The upper strip stars appear more massive than the lower MS stars, because the upper strip contains relatively more binaries. With their combined masses,
binaries tend to gravitate towards the centre, and are relatively impervious to ejection by single stars more massive than the individual members of the binary.
Density of Stars
The half-light radius encloses the stars that account for one-half of the light that the cluster's stars' emit.
One would expect that the volume density of stars in the core of the cluster is considerably greater than the density of stars in the volume between the core and the half-light radius.
The volume available per star is defined as the region's volume / number of stars occuping the region.
Core stars' radius of volume available per star = 0.0708 pc = 14596 AU; half-light stars' radius of volume available per star = 0.1124 pc = 23182 AU.
Replicate the above procedure for spheres with radii from 5 to 110 arcs secs in steps of 5 arc secs to produce the next diagram.
The fitted line has the equation: Y = 0.04435 + 0.001939 X, where Y = Radius of Volume (pc) / Star and X = Sphere Radii (arc secs).
NGC 6584: Location in Space
Galactic distance components X,Y,Z in kiloparsecs, in a Sun-centered coordinate system; X points toward Galactic center, Y in direction of Galactic rotation,
Z toward North Galactic Pole (Harris Catalog (2010). Coordinates of NGC 6584: X = 12.3; Y = -4; Z = -3.8;
The above diagram shows the distribution of globular clusters (blue points) throughout the Milky Way Galaxy.
Globular Clusters' Metalicity
The stars of globular clusters formed from massive clouds of hydrogen and helium early in the evolution of the universe. Heavier elements are created by stellar nucleosynthesis
and are found in younger stars formed from gas clouds polluted by these elemetnts by older stars.
In the figure above, 45 (79%) of Group I's 57 clusters (red) lie within 2 kpc of the Galactic XY plane; 18 (49%) of Group II's 37 clusters (green)
lie within 2 kpc of the plane; and 19 (37%) of Group III's 52 clusters (cyan) lie within 2 kpc of the plane. In total, 82 (56%) of 147 clusters lie along this strip.
Group I's stars are relatively metal rich compared to Group II's stars, etc.
Distribution of Metallicity Groups
The first figure (XZ Plane) below illustrates further the degree to which the Globular Clusters congregate near the XY Galactic Plane.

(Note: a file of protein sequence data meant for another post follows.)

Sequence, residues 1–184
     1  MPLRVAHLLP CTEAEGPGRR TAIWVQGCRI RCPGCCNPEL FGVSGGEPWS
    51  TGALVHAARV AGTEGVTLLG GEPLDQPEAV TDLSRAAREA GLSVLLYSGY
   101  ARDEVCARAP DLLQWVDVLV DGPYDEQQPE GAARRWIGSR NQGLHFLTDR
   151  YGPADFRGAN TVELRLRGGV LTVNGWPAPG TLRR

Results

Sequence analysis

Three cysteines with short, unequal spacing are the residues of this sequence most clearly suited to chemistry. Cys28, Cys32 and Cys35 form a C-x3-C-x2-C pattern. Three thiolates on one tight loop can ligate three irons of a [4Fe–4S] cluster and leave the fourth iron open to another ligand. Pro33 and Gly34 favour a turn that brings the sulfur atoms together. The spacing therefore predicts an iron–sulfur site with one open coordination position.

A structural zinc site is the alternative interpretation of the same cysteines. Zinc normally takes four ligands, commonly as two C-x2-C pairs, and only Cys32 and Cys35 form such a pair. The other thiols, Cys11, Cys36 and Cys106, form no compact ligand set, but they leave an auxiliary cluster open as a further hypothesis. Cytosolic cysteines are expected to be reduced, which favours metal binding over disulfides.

The two figures above illustrate the height and width of the distribution of halo clusters, with Group III (metal poor) clusters dispersed at greater distances than Group II clusters, which in turn
are more dispersed than Group I (metal poor) clusters.
With the Galaxy center established at R0 = 8.33 kpc (blue circle), one expects that symmetry requires that many more undetected Globular clusters exist beyond the center,
with a significant proportion being Group I clusters. Metal rich Group I clusters (red) appear flattened towards the center along the Galaxy disk (along the intersection of the XZ and XY planes).
The figure below of the projections of clusters on the YZ plane reveals a more symmetric arrangement of the three Groups’ disbursement.
The disk of the Milky Way Galaxy has a radius of about 15.33 kpc, and is about 0.31 kpc thick. Its bulge has a diameter of about 3.1 kpc. The disk and bulge are
contained in the intersection of a block and sphere with dimensions:
(-15.33 <= X - 8.33 < = 15.332; 15.33 <= Y < 15.33; -.5 <= Z <= .5) OR (R_gc <= 2).
Of 147 Globular clusters the under consideration, 47% of Group I (27 of 57), 30% of Group II (11 of 37), and only 12% of metal poor Group III (6 of 52) lie in the disk or bulge.
In the Sun’s half of the Galaxy, 65% of Group I (24 0f 37), 42% of Group II (10 of 24), and only 14% (4 of 29) Group III clusters lie in the disk or bulge.
Clusters of Group I are more likely than clusters of Group II to be found in the disk or bulge, while clusters of Group II are more likely than clusters of
Group III in the disk or bulge.
The figure below enlarges the figure above to reveal the distribution of Globular clusters around the Galaxy center. Clusters of each type lie within a
2 kpc sided cube with the origin at the Galaxy center.
Cube: -2 <=( X – 8.33) < = 2; -2 <= Y <+2; -2 <= Z <= 2;
Group I: 16 of 57 (28%) clusters in cube; Group II: 10 of 37 (27%) clusters in cube; Group III: 6 of 52 (12%) clusters in cube.
On the Sun’s half of the Galaxy, 11 of 37 (30%) Group I clusters, 9 of 24 (38%) Group II clusters, 2 of 29 (14%) of Group I clusters lie in the half cube.
Sphere: R_gc <= 2;
Group I: 15 of 57 (26%) clusters in sphere; Group II: 8 of 37 (22%) clusters in sphere; Group III: 3 of 52 (6%) clusters in sphere.
On the Sun’s half of the Galaxy, Group I: 12 of 37 (32%) clusters in the half sphere; Group II: 7 of 24 (29%) clusters in the half sphere; 1 of 29 (3.5%) clusters in the half sphere.